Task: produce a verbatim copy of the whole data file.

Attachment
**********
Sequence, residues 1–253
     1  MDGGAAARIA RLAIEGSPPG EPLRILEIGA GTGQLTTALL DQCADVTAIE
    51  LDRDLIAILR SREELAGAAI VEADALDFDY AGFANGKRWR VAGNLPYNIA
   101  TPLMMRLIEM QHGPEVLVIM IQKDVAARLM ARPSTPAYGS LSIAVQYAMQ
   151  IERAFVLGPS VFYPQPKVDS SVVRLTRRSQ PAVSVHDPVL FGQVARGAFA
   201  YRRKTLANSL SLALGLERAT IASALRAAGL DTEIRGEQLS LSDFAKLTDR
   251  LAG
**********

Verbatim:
Sequence, residues 1–253
     1  MDGGAAARIA RLAIEGSPPG EPLRILEIGA GTGQLTTALL DQCADVTAIE
    51  LDRDLIAILR SREELAGAAI VEADALDFDY AGFANGKRWR VAGNLPYNIA
   101  TPLMMRLIEM QHGPEVLVIM IQKDVAARLM ARPSTPAYGS LSIAVQYAMQ
   151  IERAFVLGPS VFYPQPKVDS SVVRLTRRSQ PAVSVHDPVL FGQVARGAFA
   201  YRRKTLANSL SLALGLERAT IASALRAAGL DTEIRGEQLS LSDFAKLTDR
   251  LAG